Invisible risk group among adolescents at risk of mental ill-health

February 3, 2014

Adolescents with high media use, reduced sleep and low physical activity comprise an 'invisible-risk' group that has high prevalence of psychiatric symptoms, according to a large international study led by researchers at Karolinska Institutet. The results of the study are published in the February issue of World Psychiatry.

Over 12,000 (14-16 years old) in eleven European countries answered questionnaires covering different and psychiatric symptoms. Statistical analyses of the results identified three risk groups among the adolescents. Individuals who scored high on all examined risk behaviours clustered in the 'high-risk' group (13 per cent of the adolescents). The 'low-risk' group (58 per cent) consisted of responders who had no or very low frequency of risk behaviours.

However, i addition to these two expected groups a third group labelled the 'invisible risk' group was identified. Youths in this group were characterised by high media use, sedentary behaviour and reduced sleep. These behaviours are generally not associated with by observers such as teachers and parents. However, adolescents in the 'invisible' risk group had similar prevalence of suicidal thoughts, anxiety, subthreshold depression and depression as the 'high' risk group.

"As many as nearly 30 per cent of the adolescents clustered in the 'invisible' group that had a high level of psychopathological symptoms. While the 'high' risk group is easily identified by behaviour such as alcohol and drug use, parents and teachers are probably not aware of that adolescents in the 'invisible' are at risk", says Vladimir Carli, at the National Centre for Suicide Research and Prevention of Mental Ill-Health (NASP) at Karolinska Institutet, first author of the study.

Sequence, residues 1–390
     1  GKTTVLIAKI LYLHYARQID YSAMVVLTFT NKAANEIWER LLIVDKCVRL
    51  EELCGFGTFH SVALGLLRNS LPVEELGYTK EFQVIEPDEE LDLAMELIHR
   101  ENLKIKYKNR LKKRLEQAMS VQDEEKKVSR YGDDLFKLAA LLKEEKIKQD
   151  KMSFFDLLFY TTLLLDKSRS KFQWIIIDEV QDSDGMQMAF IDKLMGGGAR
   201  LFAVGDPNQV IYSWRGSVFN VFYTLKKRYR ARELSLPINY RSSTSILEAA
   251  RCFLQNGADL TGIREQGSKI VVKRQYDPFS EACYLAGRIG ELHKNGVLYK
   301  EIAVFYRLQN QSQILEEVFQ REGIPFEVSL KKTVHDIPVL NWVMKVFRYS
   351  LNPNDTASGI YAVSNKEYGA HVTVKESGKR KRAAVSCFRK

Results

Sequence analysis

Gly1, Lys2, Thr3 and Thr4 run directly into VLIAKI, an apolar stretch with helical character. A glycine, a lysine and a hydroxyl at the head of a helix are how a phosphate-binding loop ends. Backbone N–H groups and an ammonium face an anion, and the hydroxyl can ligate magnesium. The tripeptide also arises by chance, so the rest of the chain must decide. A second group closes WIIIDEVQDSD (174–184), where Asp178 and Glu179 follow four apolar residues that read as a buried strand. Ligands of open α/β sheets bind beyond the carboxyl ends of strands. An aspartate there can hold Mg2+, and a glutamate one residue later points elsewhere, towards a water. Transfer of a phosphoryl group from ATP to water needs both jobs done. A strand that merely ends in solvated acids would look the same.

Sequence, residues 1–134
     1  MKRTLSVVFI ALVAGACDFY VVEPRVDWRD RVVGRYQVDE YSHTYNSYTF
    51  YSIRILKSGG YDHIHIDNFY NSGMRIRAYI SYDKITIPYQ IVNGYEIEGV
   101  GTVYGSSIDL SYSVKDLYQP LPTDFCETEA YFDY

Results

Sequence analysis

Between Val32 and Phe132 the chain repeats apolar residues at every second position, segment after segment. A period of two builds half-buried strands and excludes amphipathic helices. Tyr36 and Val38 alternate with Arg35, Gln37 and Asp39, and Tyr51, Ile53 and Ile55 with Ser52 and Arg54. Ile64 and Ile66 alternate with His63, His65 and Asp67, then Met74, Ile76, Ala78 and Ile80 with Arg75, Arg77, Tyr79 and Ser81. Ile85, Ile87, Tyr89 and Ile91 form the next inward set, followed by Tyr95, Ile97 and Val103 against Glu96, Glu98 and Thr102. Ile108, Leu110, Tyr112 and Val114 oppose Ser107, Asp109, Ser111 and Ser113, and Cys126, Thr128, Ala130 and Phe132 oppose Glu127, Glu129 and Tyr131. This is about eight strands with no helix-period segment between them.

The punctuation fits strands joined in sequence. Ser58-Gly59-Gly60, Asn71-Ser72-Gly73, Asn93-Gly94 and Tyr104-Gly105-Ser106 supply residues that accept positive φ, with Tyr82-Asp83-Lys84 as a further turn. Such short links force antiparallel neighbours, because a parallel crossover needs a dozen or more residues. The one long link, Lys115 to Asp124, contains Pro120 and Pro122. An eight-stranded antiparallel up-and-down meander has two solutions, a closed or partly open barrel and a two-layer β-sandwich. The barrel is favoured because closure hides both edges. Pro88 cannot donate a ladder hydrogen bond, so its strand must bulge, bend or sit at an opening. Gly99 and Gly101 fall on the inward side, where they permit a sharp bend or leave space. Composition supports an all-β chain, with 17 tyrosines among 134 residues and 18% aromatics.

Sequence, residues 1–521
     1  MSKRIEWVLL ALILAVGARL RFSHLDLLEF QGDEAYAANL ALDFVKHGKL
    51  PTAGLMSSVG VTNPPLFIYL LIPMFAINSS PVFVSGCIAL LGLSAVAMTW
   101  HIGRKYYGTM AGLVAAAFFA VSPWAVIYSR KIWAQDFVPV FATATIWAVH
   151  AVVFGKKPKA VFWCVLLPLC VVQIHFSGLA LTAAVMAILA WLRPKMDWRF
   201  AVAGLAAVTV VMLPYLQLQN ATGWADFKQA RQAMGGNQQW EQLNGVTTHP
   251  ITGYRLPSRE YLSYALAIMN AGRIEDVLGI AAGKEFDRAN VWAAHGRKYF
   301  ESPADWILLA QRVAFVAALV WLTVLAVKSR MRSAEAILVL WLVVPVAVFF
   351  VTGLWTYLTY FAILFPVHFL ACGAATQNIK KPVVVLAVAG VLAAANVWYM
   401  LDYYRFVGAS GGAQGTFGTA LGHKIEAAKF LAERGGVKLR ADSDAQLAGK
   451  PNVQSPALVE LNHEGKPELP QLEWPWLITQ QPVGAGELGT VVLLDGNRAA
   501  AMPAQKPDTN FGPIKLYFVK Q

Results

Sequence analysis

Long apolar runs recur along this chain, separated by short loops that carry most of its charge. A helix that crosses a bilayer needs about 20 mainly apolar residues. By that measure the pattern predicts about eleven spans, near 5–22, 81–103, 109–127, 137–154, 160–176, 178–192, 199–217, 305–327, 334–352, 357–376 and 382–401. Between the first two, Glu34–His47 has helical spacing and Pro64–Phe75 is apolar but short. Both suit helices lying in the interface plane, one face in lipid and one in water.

The study is the first to estimate the overall prevalence of a wider range of risk behaviours and lifestyles and their association with symptoms of mental ill-health among European adolescents. The results indicate that both risk behaviours and psychopathology are relatively common in this population. It also shows that all risk behaviours and symptoms increase with age, which is in concordance with earlier studies. Most risk behaviours were more common among boys. Emotional such as depression, anxiety and thoughts of suicide were more common among girls.

Explore further: Bullies and victims face mental health risks

More information: "A newly identified group of adolescents at 'invisible' risk for psychopathology and suicidal behavior: findings from the SEYLE study", Vladimir Carli, Christina W. Hoven, Camilla Wasserman, Flaminia Chiesa, Guia Guffanti, Marco Sarchiapone, Alan Apter, Judit Balazs, Romuald Brunner, Paul Corcoran, Doina Cosman, Christian Haring, Miriam Iosue, Michael Kaess, Jean Pierre Kahn, Helen Keeley, Vita Postuvan, Pilar Saiz, Airi Varnik, and Danuta Wasserman, World Psychiatry 2014;13:7886, online 3 February 2014.

Related Stories

Bullies and victims face mental health risks

January 14, 2014
(Medical Xpress)—Young teenage bullies and their victims face increased risks of developing mental health and substance use problems later in adolescence, a University of Queensland study has found.